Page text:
Danny Luttrell on the attack for Laois. Pic: John Merry
'YE MUST BE BORN AGAIN' implored the sign outside Mullaghglass Free Presbyterian Church, just outside Newry. Little did I know at the time, but the Laois footballers would take heed of the suggestion.
Having just come off the M1, it was the kind of statement to rattle you out of the boredom that can set in with motorway driving. It's quite the prospect too, but I can't see myself taking the advice. I mean, who wants to give birth to a 15 stone, 31 year old baby?
About 100 yards up the road, on the right hand side, sits a shed with 'Texas Roadhouse' emblazoned across it, and I start to wonder have I driven into some kind of Armagh tribute to America's Bible Belt. I can't see any Trump posters or pickup trucks anywhere, so maybe it's just a coincidence.
Laois's first away trip of NFL Division 3 had me back on the road this weekend. It was toss up between heading to Kerry for the hurling or Armagh for the football, but with the promise of a report being provided from the hurlers game in Tralee, I headed north.
Unfortunately, I was one of the few who did make the trip, with a distinct scarcity of southern-registered cars on the road to the game. It is a terrible shame to see the apathy towards Laois teams at the moment, something only winning games will probably rectify.
It's a pity, because some of my best memories around Laois games when I was younger are as much about the journey as the matches themselves. I can still remember snaking through Monastervin and Kildare on the way to Croker before the motorway opened, a convoy of Laois cars all gleefully beeping their horns as they passed through enemy territory.
Then there was the minor games in the mid-nineties, when 13 of us packed into the back of my father's short-wheel base 1987 Ford Transit. We had flags over the back windows so no one could see how many of us were in it, scaffolding planks set on paint cans in the back for seats, and smiles permanently etched across our faces. Ferocious games of 'Slaps' passed the time on the way home.
We still laugh about it at home, parking up in Scoil Uí Chonaill and seeing the looks of bemusement on the stewards faces as we streamed out of the back of the van, like a scene from a cartoon.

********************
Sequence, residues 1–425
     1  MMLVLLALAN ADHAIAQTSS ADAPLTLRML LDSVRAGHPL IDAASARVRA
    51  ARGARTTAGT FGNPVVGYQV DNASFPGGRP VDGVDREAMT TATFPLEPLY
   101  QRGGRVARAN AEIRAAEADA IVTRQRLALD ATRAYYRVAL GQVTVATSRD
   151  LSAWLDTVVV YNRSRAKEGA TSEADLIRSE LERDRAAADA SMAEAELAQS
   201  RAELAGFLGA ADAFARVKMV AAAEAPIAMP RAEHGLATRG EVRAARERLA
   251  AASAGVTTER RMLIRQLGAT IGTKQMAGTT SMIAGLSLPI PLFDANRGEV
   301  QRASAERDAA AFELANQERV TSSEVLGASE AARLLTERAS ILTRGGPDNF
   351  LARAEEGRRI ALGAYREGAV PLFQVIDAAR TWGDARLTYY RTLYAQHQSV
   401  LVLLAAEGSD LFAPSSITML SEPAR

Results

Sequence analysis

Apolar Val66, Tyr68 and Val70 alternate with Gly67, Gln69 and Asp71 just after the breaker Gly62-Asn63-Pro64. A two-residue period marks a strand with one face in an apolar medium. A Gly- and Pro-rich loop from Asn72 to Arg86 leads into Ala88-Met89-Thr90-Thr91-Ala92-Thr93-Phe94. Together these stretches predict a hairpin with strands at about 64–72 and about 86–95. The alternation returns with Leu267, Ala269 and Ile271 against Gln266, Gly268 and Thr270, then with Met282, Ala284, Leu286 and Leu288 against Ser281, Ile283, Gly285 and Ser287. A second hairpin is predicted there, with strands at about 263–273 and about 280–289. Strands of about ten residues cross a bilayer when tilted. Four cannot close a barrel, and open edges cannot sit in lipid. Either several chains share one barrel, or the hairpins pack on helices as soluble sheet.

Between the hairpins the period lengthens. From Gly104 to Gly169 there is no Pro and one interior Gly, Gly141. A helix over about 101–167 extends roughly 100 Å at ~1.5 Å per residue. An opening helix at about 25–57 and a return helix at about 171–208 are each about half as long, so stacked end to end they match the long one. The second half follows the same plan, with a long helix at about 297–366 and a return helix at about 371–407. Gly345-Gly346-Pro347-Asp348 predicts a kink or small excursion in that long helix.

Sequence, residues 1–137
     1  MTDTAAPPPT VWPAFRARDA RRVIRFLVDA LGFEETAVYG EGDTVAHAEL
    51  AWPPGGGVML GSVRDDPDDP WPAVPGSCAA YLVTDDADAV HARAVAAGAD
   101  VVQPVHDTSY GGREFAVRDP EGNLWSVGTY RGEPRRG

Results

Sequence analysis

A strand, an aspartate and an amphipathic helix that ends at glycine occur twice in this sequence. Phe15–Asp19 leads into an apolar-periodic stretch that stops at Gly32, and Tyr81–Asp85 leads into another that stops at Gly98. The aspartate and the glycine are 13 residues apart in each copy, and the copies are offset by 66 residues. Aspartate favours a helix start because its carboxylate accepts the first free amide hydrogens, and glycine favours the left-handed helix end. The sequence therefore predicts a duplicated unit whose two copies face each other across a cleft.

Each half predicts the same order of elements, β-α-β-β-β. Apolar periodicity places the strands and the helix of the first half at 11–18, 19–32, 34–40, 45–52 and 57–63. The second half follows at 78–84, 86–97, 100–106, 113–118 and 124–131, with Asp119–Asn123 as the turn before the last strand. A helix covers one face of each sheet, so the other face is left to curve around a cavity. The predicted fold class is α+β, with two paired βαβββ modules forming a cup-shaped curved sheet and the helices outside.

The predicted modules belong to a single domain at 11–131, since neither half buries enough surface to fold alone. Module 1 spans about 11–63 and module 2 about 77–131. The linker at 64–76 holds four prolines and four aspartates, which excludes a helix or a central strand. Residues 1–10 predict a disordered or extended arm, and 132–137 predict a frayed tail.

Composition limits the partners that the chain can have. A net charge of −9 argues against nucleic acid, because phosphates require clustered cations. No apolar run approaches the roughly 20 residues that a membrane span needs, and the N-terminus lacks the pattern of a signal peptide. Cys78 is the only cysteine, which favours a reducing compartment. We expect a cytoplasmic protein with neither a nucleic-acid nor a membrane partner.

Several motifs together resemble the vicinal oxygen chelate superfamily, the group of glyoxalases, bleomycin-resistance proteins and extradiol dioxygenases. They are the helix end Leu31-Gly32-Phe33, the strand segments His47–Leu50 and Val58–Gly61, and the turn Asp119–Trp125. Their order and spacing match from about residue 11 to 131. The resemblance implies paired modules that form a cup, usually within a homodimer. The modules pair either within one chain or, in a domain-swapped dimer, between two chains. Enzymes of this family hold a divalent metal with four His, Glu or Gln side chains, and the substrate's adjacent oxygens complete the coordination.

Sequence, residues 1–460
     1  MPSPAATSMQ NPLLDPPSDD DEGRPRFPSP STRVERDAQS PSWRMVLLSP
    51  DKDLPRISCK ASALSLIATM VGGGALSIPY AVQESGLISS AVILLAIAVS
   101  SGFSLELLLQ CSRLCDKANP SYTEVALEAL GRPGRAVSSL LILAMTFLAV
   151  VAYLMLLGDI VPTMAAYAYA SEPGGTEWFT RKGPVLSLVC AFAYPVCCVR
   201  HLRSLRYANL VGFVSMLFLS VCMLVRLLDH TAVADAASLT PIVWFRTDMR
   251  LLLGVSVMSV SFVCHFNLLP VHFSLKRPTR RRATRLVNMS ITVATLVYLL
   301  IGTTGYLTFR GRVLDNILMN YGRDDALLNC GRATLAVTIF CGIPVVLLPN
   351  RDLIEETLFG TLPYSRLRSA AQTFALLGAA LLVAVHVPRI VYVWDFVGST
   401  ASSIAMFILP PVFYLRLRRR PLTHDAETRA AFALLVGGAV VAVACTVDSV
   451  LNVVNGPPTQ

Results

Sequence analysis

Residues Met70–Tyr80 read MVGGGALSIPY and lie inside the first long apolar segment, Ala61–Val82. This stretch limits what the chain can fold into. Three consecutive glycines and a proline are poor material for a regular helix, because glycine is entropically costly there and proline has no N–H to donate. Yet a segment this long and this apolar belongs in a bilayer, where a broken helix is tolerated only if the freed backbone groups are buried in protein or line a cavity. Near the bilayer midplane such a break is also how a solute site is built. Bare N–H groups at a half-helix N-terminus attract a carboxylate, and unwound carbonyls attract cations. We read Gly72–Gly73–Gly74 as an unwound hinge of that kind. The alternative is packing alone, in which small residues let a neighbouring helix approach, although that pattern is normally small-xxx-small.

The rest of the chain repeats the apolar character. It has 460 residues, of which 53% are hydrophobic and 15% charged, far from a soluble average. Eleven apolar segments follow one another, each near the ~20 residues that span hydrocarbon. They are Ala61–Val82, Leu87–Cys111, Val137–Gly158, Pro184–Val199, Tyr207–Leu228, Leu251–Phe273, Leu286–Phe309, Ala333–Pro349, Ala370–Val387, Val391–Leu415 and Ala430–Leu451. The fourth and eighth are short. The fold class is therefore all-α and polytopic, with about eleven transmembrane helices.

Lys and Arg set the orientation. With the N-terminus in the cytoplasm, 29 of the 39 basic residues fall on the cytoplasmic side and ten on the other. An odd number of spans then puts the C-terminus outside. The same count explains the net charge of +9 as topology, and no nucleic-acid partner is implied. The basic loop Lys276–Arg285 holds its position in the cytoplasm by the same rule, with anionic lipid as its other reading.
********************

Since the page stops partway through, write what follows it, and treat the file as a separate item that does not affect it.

The Road Safety Authority are probably delighted things like that don't happen any more, but I think it's a shame that what seems like a whole generation will have no memories of going to Laois games. Granted, Laois were winning at the time and it seemed like the whole county migrated to wherever they were playing, but the support has plummeted in recent years.
In the first of these blogs I mentioned that I enjoyed the away games, because something interesting invariably happens when you are on the road, meeting new people and seeing new things.
That sense is multiplied when you cross into Northern Ireland, a place where it feels like everything is screaming at you. Tricolours and Union Jacks litter the roads, churches want you to be reborn, and you get an anti-abortion leaflet left on your car window while you're at the game. To me at least, nobody ever seems particularly at ease.
Apart from one guy, that is. With it being election season in the North, the roads are festooned with the usual posters of po-faced politicians looking for a vote, but one man stood out from the rest. Emmet Crossan's poster urged voters to 'Educate, Regulate, Medicate', which seemed like the kind of thing Dr Dre would come up with, if he was an actual doctor.
I'd imagine Emmet and his pro-cannabis leanings have about as much chance of getting elected as Marty Morrissey has of winning Miss Universe, but at least he offered a break from the austere nature of everything else.
Laois provided another break from it, tearing into Armagh from the start and playing some impressive football on the counter-attack. Sean Ramsbottom's perfect pass to Niall Donoher allowed the Courtwood man to score the first goal, as they raced into the lead. For about fifteen minutes before and after half time though, Laois were poor.
Armagh kicked seven points in a row in the second half to go five in front, and all looked lost. That was until Niall Donoher kicked a point, Laois pressured the kickout, forcing a mistake and setting Donie Kingston through on goal. He was hauled down for a penalty, took it himself, and found the bottom corner. Game on.
The last ten minutes were absolutely frantic. Kevin Meaney had a goal chance brilliantly saved, Armagh kept losing the ball inside their own 45 yard line, and Laois hounded them into one mistake after another.
With normal time up, Laois won a free 45 yards out, in front of the goal, and into a stiff breeze. With an Armagh man down injured, Donie Kingston had to wait for a good two minutes before he could take it. It was a pressure kick in every sense of the word, and he dropped the ball straight over the black spot for a brilliant score.
Darren Strong then intercepted the kick out and hit the winner, Paul Kingston and Aidan Forker were sent off, and Armagh missed a free with the last kick of the game to level it. And breathe.
It was a hell of a comeback from Laois. It was just a pity there was hardly anyone there to see it.
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